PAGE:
And so-called "experts" seem to be willing to say all kinds of things when a mike is shoved in front of them. One widely-quoted source said that a meltdown at Fukushima would be like "Chernobyl on steroids". This is clearly sensation-mongering; the Chernobyl disaster occurred in a reactor that was running full-tilt boogie as a result of a failure of the scram system; the resulting explosion was caused by a pulse of fission reaction that was many times more powerful than the operating power. All of the Fukushima reactors have been shut down, and the real danger now appears to be the spent fuel rods in the holding pools. They certainly could release radioactivity in a chemical or steam explosion if all the water in them evaporates, but it would be a relatively slow reaction. Chernobyl blew a large part of the mass of the reactor into the air, then burned, emitting radioactivity for days. That can't happen at Fukushima because the fuel can't get that hot that quickly and there isn't a large mass of flammable material.

3:

MIT's Nuclear Engineering Department is running a site that's both informative and has measured, intelligent analysis of latest updates, together with less of a time lag than the IAEA site.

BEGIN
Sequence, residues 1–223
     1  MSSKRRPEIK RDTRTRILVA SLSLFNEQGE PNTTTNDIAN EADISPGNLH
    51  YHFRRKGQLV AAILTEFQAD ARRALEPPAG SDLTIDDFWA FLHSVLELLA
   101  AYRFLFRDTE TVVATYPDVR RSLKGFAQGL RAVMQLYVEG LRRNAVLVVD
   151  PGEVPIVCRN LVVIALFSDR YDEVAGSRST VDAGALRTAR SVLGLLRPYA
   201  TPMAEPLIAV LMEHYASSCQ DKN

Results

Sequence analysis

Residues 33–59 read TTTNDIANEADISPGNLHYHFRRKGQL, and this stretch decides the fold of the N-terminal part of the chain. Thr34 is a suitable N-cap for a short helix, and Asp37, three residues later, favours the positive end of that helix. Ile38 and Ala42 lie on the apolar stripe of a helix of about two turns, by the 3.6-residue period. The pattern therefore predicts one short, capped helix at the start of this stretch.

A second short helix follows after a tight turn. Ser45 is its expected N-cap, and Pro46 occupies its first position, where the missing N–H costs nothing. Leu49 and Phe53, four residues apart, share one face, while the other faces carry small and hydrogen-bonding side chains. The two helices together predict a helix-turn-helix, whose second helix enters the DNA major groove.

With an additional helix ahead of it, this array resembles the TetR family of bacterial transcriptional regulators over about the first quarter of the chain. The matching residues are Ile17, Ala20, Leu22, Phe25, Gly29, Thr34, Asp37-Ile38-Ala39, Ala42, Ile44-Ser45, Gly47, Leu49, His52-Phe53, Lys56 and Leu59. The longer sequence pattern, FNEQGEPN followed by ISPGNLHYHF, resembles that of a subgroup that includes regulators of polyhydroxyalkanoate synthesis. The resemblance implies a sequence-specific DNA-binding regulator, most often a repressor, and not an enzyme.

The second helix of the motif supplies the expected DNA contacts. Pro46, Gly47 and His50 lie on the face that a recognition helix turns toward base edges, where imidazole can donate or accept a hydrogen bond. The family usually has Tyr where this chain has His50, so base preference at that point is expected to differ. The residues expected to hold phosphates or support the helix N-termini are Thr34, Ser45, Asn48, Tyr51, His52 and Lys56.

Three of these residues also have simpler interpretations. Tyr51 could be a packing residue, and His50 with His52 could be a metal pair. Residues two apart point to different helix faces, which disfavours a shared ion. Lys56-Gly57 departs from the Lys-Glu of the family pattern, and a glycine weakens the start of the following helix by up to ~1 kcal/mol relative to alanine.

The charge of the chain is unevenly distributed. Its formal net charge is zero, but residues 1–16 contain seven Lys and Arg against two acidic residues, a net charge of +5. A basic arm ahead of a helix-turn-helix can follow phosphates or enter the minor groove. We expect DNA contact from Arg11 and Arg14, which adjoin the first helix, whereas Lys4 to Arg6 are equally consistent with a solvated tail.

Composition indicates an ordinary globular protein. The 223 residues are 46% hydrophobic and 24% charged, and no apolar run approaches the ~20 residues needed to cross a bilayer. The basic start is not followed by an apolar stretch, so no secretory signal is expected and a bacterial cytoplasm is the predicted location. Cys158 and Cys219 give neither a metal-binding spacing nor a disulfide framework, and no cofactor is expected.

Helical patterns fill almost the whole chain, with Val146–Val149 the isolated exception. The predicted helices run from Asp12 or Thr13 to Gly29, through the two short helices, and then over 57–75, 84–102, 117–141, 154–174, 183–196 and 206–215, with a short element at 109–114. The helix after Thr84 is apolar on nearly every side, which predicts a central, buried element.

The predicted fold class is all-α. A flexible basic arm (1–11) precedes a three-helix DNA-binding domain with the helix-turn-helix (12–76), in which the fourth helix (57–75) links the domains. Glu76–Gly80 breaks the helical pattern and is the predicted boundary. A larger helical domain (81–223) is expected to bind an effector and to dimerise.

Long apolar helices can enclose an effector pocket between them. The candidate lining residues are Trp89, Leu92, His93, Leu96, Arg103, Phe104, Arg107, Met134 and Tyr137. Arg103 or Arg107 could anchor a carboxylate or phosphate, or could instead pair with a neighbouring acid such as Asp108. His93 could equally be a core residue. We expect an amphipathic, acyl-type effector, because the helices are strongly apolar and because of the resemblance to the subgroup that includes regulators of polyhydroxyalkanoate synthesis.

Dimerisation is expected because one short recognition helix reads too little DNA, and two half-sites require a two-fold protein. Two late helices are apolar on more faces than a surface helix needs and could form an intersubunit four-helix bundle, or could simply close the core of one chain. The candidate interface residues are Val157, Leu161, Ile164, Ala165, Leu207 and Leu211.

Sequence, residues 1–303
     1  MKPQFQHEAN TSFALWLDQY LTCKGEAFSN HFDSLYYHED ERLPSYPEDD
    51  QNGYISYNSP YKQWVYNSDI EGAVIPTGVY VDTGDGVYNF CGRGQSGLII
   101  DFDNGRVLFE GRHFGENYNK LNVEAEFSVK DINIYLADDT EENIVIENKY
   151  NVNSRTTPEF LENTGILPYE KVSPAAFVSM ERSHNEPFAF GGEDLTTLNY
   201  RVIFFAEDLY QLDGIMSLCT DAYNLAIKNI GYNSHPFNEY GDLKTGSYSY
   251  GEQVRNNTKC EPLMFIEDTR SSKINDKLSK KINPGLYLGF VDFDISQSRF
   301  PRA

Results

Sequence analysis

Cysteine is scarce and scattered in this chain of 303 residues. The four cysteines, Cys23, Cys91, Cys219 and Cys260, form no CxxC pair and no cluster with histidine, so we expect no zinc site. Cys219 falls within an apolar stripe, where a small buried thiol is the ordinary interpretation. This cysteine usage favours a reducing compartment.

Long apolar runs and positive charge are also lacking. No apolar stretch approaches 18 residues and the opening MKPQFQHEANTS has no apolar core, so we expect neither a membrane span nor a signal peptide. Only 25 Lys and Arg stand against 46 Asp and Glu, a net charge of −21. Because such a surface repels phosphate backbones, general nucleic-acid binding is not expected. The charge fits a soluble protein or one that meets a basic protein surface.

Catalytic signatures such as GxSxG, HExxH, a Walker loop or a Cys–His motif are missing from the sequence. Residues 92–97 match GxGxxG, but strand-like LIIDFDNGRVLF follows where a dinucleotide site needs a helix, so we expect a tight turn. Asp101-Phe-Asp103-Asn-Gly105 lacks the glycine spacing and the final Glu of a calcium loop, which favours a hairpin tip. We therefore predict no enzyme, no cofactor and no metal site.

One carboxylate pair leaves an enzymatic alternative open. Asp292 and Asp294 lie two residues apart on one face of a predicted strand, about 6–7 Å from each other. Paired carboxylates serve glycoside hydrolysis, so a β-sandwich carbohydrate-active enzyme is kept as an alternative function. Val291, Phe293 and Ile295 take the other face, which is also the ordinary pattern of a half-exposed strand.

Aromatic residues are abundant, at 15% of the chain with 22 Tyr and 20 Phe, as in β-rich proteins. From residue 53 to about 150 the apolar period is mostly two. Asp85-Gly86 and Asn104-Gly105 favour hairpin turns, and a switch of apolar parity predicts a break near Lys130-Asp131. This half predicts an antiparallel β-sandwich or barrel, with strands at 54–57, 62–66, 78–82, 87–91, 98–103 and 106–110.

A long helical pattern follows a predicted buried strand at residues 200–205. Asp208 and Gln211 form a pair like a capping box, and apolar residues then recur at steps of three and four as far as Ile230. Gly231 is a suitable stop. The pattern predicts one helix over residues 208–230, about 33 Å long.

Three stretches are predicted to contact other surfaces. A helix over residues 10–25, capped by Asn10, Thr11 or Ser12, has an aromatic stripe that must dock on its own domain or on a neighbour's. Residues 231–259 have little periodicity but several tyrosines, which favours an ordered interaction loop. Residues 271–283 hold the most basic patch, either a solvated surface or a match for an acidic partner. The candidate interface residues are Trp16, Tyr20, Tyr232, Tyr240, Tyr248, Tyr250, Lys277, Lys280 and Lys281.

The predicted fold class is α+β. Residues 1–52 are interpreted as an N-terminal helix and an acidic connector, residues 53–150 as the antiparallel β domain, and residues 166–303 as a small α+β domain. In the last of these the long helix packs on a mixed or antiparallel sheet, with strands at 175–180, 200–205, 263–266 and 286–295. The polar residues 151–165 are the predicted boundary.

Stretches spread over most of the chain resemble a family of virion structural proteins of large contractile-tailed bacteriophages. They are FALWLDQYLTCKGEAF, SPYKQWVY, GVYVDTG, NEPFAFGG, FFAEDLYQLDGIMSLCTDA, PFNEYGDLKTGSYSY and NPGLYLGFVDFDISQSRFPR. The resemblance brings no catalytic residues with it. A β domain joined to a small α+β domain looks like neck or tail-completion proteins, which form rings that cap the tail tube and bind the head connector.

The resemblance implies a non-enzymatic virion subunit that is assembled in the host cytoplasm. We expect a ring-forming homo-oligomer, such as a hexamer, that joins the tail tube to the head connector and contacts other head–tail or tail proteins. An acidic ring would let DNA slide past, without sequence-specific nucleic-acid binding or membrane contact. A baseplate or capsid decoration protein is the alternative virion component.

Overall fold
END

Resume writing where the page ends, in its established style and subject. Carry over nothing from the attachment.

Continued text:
http://mitnse.com/

4:

@heteromeles Isn't Fukushima Daini the best case? It's 9 miles down the road, and is in safe, stable condition. In other words, the pumps are keeping the moderator below boiling point.

5:

The only problem with the IAEA is that they're biased towards nuclear energy. _And_ highly political.

But it's probably still the best source we plebes have.

6:

I've seen one piece of hopeful news in the newspapers today -- that TEPCO are close to repairing a power cable that will bring enough grid juice back into Fukuyama Daiichi to power the primary pumps again (instead of the diesel powered emergency backups which don't seem to be up to the job). If that happens, they should be able to refill the cooling ponds and get the reactor cooling systems back on stream, and hopefully everything will come back under control.

7:

The IAEA are (a) not beholden to TEPCO or indeed to any particular nation's plant operators, and (b) they aren't a news organization with a vested interest in generating advertising click-throughs.

Oh, and (c) you know where their bias lies, going in, so you can evaluate what they're saying relatively easily.

It's like going to a police station blotter for your crime reports -- of course you're not going to see pro-burglar reports or accounts of police brutality, but on the other hand, if you're trying to get a handle on how many drunk-drivers were arrested yesterday, it's the best source.